MANILA -- Bienvenido Tan Jr., the tax chief of the late President Corazon Aquino, died on Friday, according to family and friends. He was 96.
Adolf Azcuna, Aquino’s presidential legal counsel and former Associate Justice of the Supreme Court, confirmed Tan’s death by sending ABS-CBN News the Tan’s family announcement.
Tan first came into the public eye as a part of the controversial Agrava Commission, the fact-finding board headed by Justice Corazon Agrava looking into the murder of former Sen. Benigno 'Ninoy' Aquino Jr. in August 1983.
Tan was the board’s public coordinator, with the same rank as University of Sto. Tomas law dean Andres Narvasa and fellow lawyers Mario Ongkiko and Paquito Villa, as the board’s legal counsel.
Tan’s work at the board’s frontline put him at the center of controversy and pressure in explaining the roll call of possible witnesses and their highly-charged testimonies, especially when reporters covering what was then called the most heinous and celebrated murder got to know that he was a brother of Sister Christine Tan, an activist-nun highly critical of strongman President Ferdinand Marcos.
After several months, Justice Agrava and her all-male court penned two different reports about the Aquino assassination, divided over who should have been held liable for the killing of the opposition leader. The rest is history.
In a book published years later titled “The Public Has The Right To Know,” Tan wrote: “In the beginning there was a marked reluctance among witnesses to come out and contradict the military theory [that Rolando Galman shot Marcos opposition leader Benigno Aquino Jr.]. In fact, people like Butz Aquino [Aquino’s brother] openly stated that he had 11 witnesses to the assassination, although admittedly he only spoke with two; he refused to allow any of these witnesses to testify. As Butz Aquino reasoned out, these witnesses feared for their lives and the [Fact-Finding Board] did not have the power to protect them, moreover, he did not recognize the legality of the Board nor did he have any faith in its ability to arrive at a fair decision.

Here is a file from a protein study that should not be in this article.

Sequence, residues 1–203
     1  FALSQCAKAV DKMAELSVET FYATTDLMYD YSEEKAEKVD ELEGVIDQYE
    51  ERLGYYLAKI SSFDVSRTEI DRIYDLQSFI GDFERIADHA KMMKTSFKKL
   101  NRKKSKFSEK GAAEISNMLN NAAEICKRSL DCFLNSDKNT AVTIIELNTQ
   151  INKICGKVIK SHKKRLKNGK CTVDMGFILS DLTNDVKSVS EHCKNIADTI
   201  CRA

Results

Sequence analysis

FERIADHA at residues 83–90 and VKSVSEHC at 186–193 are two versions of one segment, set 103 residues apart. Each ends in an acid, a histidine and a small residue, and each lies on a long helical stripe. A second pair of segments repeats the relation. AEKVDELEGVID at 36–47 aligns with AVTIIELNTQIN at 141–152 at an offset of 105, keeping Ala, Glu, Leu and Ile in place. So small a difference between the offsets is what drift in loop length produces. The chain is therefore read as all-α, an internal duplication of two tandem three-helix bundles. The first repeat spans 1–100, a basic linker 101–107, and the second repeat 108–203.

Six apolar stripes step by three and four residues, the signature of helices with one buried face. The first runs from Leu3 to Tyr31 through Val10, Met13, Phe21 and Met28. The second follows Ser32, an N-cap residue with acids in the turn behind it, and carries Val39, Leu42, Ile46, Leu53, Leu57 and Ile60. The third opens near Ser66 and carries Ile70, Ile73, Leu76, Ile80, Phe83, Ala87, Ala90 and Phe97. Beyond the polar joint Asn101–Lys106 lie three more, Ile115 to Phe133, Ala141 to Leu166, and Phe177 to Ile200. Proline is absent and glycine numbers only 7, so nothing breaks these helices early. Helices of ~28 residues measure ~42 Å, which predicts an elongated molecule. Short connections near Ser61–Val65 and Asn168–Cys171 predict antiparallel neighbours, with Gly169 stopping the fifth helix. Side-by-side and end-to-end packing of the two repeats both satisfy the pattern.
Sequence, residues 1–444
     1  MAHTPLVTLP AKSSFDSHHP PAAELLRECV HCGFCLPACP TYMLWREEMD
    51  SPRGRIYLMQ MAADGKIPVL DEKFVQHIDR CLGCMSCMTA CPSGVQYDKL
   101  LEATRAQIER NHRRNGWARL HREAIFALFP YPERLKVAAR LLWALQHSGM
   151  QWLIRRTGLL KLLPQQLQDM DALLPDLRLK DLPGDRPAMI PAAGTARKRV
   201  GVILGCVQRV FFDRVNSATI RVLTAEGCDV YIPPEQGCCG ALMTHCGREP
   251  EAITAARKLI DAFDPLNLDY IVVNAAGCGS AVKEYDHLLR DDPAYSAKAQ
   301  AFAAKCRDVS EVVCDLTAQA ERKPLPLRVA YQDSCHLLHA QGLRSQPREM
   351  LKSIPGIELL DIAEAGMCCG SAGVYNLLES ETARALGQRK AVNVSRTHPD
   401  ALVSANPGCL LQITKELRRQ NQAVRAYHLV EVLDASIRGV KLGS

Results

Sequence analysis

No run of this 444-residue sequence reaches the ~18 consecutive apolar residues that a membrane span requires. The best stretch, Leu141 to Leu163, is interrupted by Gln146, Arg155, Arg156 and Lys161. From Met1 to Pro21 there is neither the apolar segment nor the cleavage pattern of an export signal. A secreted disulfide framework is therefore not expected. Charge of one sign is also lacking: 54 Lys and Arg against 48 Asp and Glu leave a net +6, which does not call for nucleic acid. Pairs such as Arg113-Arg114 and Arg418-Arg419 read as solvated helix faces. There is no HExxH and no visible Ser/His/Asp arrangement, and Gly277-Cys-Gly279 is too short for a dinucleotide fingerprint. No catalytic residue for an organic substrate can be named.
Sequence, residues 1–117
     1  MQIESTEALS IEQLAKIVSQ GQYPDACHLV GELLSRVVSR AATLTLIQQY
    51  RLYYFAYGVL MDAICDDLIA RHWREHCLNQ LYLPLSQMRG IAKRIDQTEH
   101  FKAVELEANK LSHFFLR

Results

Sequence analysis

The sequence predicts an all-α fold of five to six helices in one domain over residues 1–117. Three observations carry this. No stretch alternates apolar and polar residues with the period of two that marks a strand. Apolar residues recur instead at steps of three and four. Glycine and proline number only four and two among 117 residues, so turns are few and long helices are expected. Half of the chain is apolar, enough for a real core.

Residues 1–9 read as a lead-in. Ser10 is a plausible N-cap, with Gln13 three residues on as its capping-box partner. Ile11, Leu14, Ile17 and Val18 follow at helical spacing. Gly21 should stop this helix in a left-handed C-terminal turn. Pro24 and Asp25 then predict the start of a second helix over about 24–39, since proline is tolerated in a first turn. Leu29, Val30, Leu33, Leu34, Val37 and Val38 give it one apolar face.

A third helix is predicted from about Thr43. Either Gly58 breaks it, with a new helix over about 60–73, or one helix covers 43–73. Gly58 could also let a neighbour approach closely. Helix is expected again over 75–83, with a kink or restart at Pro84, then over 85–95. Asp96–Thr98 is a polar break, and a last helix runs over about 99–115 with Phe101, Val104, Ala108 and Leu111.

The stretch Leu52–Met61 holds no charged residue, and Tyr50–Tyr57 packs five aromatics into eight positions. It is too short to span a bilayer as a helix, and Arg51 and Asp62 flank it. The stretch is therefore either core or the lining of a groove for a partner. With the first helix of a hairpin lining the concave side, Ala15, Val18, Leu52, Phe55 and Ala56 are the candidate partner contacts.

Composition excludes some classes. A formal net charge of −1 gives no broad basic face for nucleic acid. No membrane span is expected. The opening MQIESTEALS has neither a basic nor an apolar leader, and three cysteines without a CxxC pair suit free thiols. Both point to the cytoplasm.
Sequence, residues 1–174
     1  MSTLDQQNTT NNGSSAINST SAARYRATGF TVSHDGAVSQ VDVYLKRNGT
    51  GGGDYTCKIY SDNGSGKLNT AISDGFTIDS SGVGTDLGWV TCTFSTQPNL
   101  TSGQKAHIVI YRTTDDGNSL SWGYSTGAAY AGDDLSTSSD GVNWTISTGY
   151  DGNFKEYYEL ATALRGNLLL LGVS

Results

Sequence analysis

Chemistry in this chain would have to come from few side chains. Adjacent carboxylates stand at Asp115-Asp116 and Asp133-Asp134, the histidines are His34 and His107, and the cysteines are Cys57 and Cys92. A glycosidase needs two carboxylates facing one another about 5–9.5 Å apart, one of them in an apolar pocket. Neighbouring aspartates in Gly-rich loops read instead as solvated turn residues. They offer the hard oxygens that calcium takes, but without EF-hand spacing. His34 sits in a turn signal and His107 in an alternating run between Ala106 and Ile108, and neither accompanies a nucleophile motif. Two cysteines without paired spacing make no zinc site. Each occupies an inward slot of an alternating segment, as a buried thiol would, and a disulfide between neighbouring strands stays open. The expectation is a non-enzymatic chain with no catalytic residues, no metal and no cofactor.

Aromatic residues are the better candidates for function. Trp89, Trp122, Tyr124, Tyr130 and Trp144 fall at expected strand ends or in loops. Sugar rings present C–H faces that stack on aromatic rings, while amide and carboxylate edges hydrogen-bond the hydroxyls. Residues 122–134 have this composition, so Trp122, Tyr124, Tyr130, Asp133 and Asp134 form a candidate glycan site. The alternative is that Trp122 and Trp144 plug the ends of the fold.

“Personally, I did not give credence to his story. It made front-page news, but as far as I was concerned it was patently a political decision. He had nothing to gain by presenting these witnesses if they really existed. On the witness stand they could have easily failed the test or they could have been exposed as keeping skeletons in their closet; skeletons totally unrelated to whatever they imagined they have witnessed. Butz Aquino had come out with a definite theory as to how his brother was assassinated. This earned him some publicity without exposing his witnesses to the risk or probably likelihood of being discredited. If the Board’s decision went his way he could say, “I told you so.” Either way, he was a winner. From a non-political standpoint, there was no justification for his stance, which so exasperated me that, for solace, I bought myself a new set of golf clubs.”
When Aquino’s widow Corazon rose to power, Tan was appointed to head the Bureau of Internal Revenue (BIR), “to clean the ranks” while Narvasa was sent to the Supreme Court. Sister Tan was appointed member of the 1987 Constitutional Commission and later as board member of the Philippine Charity Sweepstakes, and continued her pro-poor advocacies.
After BIR, Tan was appointed ambassador to Germany in 1989. He joined later the Philippine Business for Social Progress (PBSP). In ceremonies in January 2018, PBSP gave Tan recognition for his contribution in improving the lives of poor Filipinos as its longest serving official and trustee.
Tan came from an affluent family who hailed from Bacolor, Pampanga. He was a grandson of Don Gonzalo Arceo Tan, a financier of the revolution against the Spaniards.
According to Aquino’s spokesman, the former president had always thought Tan was a saint. “Benny was a very decent, very honest man,” Lourdes 'Deedee' Siytangco told ABS-CBN News.